The 2021 hurricane season is officially underway. June 1 marked the beginning of the Atlantic hurricane season; the eastern Pacific season began on May 15. NOAA is predicting an active Atlantic hurricane season this year, while a near- to below-normal season is expected in the eastern Pacific. The peak of the Atlantic hurricane season historically occurs in September. Hurricane season officially extends through November 30.
Satellites have drastically changed how we forecast and monitor hurricanes. NOAA’s geostationary satellites, GOES-16 and GOES-17, and polar-orbiting satellites, NOAA-20 and NOAA/NASA Suomi-NPP, provide remarkable advances in hurricane forecasting as well as new technology to track the storms—their location, movement, and intensity.
Thus far in 2021, two tropical storms have developed in the Eastern Pacific—Andres and Blanca. Andres formed on May 9 as the earliest tropical storm on record in the eastern North Pacific basin. Tropical Storm Blanca formed southwest of Mexico on May 31. Ana, the first tropical storm of the Atlantic hurricane season, developed northeast of Bermuda on May 22.
NOAA’s Climate Prediction Center is predicting another above-normal Atlantic hurricane season for 2021. Forecasters predict a 60% chance of an above-normal season, a 30% chance of a near-normal season, and a 10% chance of a below-normal season. However, experts do not anticipate the historic level of storm activity seen in 2020. For 2021, a likely range of 13 to 20 named storms (winds of 39 mph or higher), of which 6 to 10 could become hurricanes (winds of 74 mph or higher), including 3 to 5 major hurricanes (category 3, 4 or 5; with winds of 111 mph or higher) is expected. NOAA provides these ranges with a 70% confidence.
This year, NOAA updated the statistics used to determine when hurricane seasons are above-, near-, or below-average relative to the latest climate record. Based on this update, an average hurricane season produces 14 named storms, of which 7 become hurricanes, including 3 major hurricanes.
The extremely active 2020 Atlantic hurricane season ended with a record-breaking 30 named storms (top winds of 39 mph or greater) and 12 landfalling storms in the continental United States. The 2020 season included 13 hurricanes (top winds of 74 mph or greater), including six major hurricanes (top winds of 111 mph or greater). This was the most storms on record, surpassing the 28 from 2005, and the second-highest number of hurricanes on record. Throughout the historic 2020 Atlantic hurricane season, NOAA satellites provided vital data to forecasters.
In 2020, GOES-16 (GOES East) and GOES-17 (GOES-West) wind data were fed into NOAA’s Hurricane Weather Research and Forecasting (HWRF) computer model for the first time. The HWRF is used to forecast the track and intensity of tropical cyclones. Also new to the forecast model in 2020 were data from the COSMIC-2, NOAA-20, and Suomi-NPP satellites. An evaluation of adding these new data sets to the HWRF model showed significant improvements in both track and intensity forecasts.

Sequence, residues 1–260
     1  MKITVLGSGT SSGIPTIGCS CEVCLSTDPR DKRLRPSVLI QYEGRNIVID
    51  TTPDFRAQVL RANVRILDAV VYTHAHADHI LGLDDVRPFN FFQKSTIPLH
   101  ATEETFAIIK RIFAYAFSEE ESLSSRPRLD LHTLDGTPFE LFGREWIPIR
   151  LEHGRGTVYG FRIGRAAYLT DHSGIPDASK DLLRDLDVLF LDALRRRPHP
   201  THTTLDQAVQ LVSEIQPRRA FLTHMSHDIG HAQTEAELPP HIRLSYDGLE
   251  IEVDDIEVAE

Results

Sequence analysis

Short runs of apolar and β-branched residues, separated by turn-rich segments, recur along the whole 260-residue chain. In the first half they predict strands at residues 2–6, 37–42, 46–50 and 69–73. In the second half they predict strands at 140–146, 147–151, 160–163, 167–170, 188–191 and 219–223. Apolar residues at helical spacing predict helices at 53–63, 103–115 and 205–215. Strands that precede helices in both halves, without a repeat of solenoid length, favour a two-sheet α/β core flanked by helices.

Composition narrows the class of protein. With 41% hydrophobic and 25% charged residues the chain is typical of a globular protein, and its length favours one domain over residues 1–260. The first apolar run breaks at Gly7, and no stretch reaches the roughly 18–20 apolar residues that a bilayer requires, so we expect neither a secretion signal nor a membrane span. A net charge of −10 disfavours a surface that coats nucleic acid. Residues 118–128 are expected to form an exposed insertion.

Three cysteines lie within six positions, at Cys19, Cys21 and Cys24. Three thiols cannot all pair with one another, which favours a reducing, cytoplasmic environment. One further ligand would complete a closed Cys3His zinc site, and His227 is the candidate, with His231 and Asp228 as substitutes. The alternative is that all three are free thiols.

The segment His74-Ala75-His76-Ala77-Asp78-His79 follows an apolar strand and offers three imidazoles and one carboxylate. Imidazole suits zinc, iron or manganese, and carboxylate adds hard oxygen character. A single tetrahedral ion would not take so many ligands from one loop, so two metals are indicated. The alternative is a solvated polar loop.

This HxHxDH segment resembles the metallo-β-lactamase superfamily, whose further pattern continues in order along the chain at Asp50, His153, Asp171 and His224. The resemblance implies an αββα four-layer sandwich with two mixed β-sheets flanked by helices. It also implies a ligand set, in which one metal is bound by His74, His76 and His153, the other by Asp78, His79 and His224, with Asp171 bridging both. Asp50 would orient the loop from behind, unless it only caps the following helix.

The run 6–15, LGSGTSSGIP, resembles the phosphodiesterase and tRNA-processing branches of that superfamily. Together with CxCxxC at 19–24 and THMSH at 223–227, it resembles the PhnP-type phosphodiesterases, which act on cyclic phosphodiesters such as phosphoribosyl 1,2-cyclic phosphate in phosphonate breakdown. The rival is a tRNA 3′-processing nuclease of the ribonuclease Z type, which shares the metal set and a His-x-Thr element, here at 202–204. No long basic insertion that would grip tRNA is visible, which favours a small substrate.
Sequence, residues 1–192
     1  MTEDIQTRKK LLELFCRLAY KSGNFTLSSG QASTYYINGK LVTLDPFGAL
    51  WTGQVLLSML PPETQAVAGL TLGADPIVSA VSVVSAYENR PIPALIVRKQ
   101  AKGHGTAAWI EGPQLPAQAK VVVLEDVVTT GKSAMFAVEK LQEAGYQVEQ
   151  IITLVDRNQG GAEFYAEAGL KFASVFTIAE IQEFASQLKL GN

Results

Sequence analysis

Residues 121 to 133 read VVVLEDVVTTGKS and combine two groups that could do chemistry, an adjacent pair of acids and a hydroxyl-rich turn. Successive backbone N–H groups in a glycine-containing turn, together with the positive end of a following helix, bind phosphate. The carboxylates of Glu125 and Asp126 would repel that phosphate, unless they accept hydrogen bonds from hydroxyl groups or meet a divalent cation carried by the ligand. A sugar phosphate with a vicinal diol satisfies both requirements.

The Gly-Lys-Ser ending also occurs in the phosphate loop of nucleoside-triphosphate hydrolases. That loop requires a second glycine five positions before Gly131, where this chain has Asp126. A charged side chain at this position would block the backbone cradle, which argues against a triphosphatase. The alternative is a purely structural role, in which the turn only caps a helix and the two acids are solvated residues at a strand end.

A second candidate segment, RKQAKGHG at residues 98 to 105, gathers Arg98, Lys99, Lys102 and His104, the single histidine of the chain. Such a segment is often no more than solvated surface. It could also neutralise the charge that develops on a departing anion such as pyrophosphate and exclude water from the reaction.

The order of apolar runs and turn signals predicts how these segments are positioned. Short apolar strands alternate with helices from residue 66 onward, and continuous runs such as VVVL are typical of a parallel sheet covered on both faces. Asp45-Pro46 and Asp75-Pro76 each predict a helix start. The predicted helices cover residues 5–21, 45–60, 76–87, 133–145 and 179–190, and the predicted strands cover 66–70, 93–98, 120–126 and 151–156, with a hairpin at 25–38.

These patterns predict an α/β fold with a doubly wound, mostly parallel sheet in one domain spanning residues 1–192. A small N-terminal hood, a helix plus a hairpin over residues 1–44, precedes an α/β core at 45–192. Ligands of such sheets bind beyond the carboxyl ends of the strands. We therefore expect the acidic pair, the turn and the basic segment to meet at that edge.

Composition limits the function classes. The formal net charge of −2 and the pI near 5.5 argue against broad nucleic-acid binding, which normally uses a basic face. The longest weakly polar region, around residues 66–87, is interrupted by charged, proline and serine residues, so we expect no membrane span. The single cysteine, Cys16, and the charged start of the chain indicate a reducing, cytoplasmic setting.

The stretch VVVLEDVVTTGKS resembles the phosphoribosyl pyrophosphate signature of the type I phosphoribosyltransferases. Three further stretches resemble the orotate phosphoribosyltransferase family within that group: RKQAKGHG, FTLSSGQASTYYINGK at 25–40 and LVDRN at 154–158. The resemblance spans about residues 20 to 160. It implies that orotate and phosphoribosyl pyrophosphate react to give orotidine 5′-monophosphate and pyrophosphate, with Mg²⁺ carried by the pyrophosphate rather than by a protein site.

The JPSS polar-orbiting satellites (Suomi-NPP and NOAA-20) capture data over each spot on Earth twice a day. They measure the state of the atmosphere by taking precise measurements of sea surface temperatures and atmospheric temperature and moisture, which are critical to securing storm forecasts several days in advance. JPSS instruments provide data that is particularly useful in helping forecasters predict a hurricane’s path 3-7 days out.
NOAA-20 and Suomi-NPP also carry a microwave sounder that penetrates clouds, allowing forecasters to see the internal structure of tropical cyclones. This helps forecasters understand the direction, movement and intensity of these storms. The Day-Night Band on JPSS satellites provides a snapshot of a hurricane’s cloud structure at night, along with lightning and gravity waves at various altitudes. Emergency responders also use the Day-Night Band to monitor power outages.
GOES-16 and GOES-17 continuously view the entire Atlantic and eastern/central Pacific hurricane basins to provide real-time tracking and monitoring of tropical cyclones as well as the environmental conditions that cause them to form.
By imaging a storm as often as every 30 seconds, these satellites help forecasters more easily discern the movement of cloud features and provide greater confidence in estimating the center of the storm. The added confidence in locating the center of circulation also helps guide reconnaissance aircraft (“hurricane hunters”) to the correct location.
GOES-16 and GOES- 17 also provide a detailed look at the storm properties of a hurricane, including cloud top cooling, central pressure, and convective structures as well as specific features of a hurricane’s eye, wind estimates, and lightning activity. This information is critical to estimating a storm’s intensity.
Together, NOAA’s geostationary and polar-orbiting satellites make a powerful team. Each provides critical information for hurricane forecasting, tracking, and intensity estimation. Different vantage points, imaging frequency, and instrumentation provide complementary measurements to help forecasters better understand and predict the behavior of hurricanes, improving public safety and protecting life and property.
As hurricane season gets underway, NOAA satellites are keeping vigilant watch. Stay tuned to the National Hurricane Center for the latest information on tropical storm and hurricane activity.